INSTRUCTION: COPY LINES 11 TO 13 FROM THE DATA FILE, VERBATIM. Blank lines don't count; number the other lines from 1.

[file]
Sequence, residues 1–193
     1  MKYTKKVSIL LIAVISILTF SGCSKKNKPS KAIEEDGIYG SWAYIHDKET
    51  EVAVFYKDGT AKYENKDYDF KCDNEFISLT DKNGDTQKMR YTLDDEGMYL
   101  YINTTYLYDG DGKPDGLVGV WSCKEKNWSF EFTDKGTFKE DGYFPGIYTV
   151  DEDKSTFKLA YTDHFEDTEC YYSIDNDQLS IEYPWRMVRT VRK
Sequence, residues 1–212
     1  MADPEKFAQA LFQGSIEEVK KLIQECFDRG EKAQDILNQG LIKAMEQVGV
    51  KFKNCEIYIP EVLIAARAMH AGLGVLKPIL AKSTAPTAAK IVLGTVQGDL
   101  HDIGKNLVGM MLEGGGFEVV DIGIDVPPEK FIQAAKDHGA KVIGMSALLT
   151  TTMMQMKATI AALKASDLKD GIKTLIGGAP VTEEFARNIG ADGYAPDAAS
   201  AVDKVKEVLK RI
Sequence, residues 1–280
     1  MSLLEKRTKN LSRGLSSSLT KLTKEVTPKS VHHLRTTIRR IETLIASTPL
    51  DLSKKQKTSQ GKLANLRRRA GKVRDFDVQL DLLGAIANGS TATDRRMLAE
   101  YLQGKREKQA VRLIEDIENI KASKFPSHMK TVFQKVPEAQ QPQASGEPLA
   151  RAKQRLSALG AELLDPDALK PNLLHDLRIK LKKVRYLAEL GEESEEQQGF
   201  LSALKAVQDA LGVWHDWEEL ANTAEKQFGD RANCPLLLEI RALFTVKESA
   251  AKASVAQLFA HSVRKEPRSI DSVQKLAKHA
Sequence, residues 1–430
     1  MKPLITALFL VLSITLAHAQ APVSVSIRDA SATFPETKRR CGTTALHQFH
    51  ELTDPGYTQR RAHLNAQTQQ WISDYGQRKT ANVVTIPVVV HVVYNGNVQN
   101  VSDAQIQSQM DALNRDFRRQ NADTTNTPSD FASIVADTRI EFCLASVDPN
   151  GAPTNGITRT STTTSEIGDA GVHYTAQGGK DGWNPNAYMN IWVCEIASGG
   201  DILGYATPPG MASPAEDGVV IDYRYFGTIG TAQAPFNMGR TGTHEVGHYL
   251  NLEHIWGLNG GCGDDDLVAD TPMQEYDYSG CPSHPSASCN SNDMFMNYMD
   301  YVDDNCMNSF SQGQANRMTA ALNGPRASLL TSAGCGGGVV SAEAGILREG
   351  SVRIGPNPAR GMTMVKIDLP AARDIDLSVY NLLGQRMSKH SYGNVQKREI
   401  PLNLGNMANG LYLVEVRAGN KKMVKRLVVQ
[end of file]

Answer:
   201  AVDKVKEVLK RI
Sequence, residues 1–280
     1  MSLLEKRTKN LSRGLSSSLT KLTKEVTPKS VHHLRTTIRR IETLIASTPL